So, if you’re accustomed to losing weight easily—or not gaining it in the first place—this development may come as a puzzling and unpleasant surprise. And if you struggle with your weight, be forewarned: The deck is about to be reshuffled, and that struggle may become harder yet. The single bright spot is that you’re in a very big boat with a lot of other menopausal gals—up to 90 percent of us gain weight during this transition, according to this article.

Menopausal weight gain is different because:

  • It’s slow and steady—one or two pounds per year. Not enough to really notice, but the cumulative effect sneaks up on you.
  • It accumulates attractively around the abdomen. Belly fat. The kind that’s linked to heart disease and diabetes.
  • Breasts are bigger and the back is fattier. This might be nice for those of us who’ve always been lacking in that department, except that now, accompanied by a slowly enlarging belly, not to mention the back fat, the overall effect is less than flattering to our contemporary visions. And for those who were always well-endowed, well, a little (or a lot) more may simply be overkill.
  • It’s hard to lose. While “hard to lose” is a functional definition of weight gain, this is different because it’s part and parcel of a more profound change in how your body processes energy.
  • Body shape changes. Previously, you may have been a string bean or a curvaceous plum. Now you’re a round apple.

In order to effectively tackle this unsettling turn of events and to grasp why the things you did before aren’t working now, it helps to understand the underlying mechanism.

For one thing, muscle mass, which is an efficient burner of calories, slowly decreases with age. Now, even your resting metabolism (when you aren’t active) is lower. Adding insult to injury, loss of estrogen compounds this effect. Studies of lab animals suggest that estrogen has a regulating effect on appetite and weight gain. Animals with lower estrogen levels ate more and moved less.

When the ovaries stop producing estrogen, fat cells tend to take over. Ovaries produce estradiol, a “premium” estrogen; fat cells produce estrone, which is a weak, inefficient estrogen. This hormonal change increases the body’s efficiency at depositing fat, especially, we find, around the abdomen.

What used to work in the past may not now.A recent study confirmed that certain proteins and enzymes that enable cells to store more fat and to burn it less become more active in post-menopausal women. “Taken together, these changes in bodily processes may be more than a little surprising—and upsetting—for women who previously had little trouble managing their weight,” comments Sylvia Santosa, assistant professor in Concordia University’s Department of Exercise Science in this article.

You got that right, sister.

Menopause packs a couple more weight-inducing changes: insomnia and stress. When you don’t sleep well (and who does, what with night sweats and cratering mood swings?), levels of ghrelin, known as the “hunger hormone,” rise and levels of the “fullness hormone” leptin drop. That’s why you get the nighttime munchies. A study of over 1,000 volunteers (The Wisconsin Sleep Cohort Study) found that those who slept less had higher ghrelin levels and lower leptin levels—and also had a higher body mass index (BMI), i.e. they weighed more.

And we all know what stress eating does to our waistline.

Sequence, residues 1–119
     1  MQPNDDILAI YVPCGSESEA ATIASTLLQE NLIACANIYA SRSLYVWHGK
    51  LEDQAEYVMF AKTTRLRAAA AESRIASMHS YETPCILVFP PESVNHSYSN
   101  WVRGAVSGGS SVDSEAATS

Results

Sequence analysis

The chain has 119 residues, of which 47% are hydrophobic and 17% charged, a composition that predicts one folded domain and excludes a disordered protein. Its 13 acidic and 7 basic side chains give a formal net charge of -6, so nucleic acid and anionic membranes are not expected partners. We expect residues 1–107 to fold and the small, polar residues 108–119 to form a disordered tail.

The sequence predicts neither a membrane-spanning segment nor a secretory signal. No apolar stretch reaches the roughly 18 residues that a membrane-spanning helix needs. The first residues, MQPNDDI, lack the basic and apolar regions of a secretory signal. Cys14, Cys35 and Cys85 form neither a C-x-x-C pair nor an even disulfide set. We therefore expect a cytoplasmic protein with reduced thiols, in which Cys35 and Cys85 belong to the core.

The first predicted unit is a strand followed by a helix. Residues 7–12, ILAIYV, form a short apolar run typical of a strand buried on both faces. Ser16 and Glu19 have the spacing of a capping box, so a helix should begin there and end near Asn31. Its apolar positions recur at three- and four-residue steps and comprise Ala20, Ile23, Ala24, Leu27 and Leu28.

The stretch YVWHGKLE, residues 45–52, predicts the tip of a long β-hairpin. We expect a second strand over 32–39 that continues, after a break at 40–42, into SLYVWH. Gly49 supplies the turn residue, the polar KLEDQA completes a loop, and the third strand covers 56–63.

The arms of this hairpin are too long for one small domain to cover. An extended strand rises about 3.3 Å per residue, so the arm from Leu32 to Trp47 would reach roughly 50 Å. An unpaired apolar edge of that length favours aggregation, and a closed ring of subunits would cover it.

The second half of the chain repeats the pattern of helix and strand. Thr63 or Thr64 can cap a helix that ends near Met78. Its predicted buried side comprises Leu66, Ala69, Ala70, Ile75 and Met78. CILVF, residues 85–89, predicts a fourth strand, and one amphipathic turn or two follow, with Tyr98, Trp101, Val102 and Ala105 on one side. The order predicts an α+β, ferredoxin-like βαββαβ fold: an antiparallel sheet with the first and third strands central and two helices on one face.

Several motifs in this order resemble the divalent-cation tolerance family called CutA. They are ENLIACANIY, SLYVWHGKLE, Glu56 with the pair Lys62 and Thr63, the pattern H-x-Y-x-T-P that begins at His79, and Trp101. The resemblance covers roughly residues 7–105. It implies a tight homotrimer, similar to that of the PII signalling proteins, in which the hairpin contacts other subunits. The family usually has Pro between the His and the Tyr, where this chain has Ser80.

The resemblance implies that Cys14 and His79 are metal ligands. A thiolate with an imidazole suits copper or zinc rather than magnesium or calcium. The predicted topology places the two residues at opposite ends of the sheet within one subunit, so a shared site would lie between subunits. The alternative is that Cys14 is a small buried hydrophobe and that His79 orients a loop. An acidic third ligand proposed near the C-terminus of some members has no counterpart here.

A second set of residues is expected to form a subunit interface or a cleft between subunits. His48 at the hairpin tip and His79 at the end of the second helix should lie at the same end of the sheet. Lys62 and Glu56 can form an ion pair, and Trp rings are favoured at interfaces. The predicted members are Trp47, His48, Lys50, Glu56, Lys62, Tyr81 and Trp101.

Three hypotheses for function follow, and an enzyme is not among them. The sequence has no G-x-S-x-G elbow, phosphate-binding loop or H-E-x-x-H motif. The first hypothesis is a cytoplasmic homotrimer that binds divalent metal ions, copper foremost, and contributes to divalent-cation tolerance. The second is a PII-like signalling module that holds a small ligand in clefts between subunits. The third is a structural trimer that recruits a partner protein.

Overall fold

So, what’s a stressed-out, sleep-deprived, menopausal woman to do? It’s a challenge, without doubt. However, when we understand the mechanism—what’s happening to our bodies on a biological level—then we realize that doing what we did before isn’t going to work. We need to change up the paradigm if we want to control our weight and maintain a healthy, active post-menopausal lifestyle.

This paradigm shift involves a different approach to both diet (Note: I did not say dieting!) and exercise. No magic pharma pill or painless regimen. Still, we can regain control of the bathroom scales despite the slings and arrows of our slowing metabolism and estrogen-storing fat cells. And honestly, we might end up with better health habits than we ever had before. 

I Will {Heart} my Heart

Resolution #3

This is the tough one, ladies, but it’s also the most important. Cardiovascular disease (heart attack and stroke) is the #1 killer of women today. One in 3 women die from it. By comparison, 1 in 8 women die from breast cancer.

The news gets worse: about 44 million women in the US are affected by cardiovascular disease right now. Ninety percent of us have at least one risk factor, such as high blood pressure, diabetes, smoking, or being overweight. We are less likely than men to survive our first heart attack.

Fortunately, perfection isn't required.But the really good news is that 80 percent of cardiovascular problems can be prevented by knowledge and lifestyle change, according to the American Heart Association (AHA). The other bright spot is that improving heart health also improves our brain health, because good brain function relies on good cardiovascular function. And we know that as we age, we are at higher risk for various dementias.

It’s important to honestly tackle those lifestyle changes right now because as we age, our risk factors for heart disease increase: cholesterol and blood pressure tend to rise; we tend to gain weight; sleep may be more difficult. So time, very literally, is of the essence.

Unfortunately, lifestyle change of the type required for good cardiovascular health is hard. Honest, systemic lifestyle change demands consistency, and self-discipline, and this is hard. Few among us achieve perfection when it comes to an overall health care regimen.

Fortunately, perfection isn’t required. Getting started and sticking to it is.

To get started, assess your current baseline. These are the most important numbers: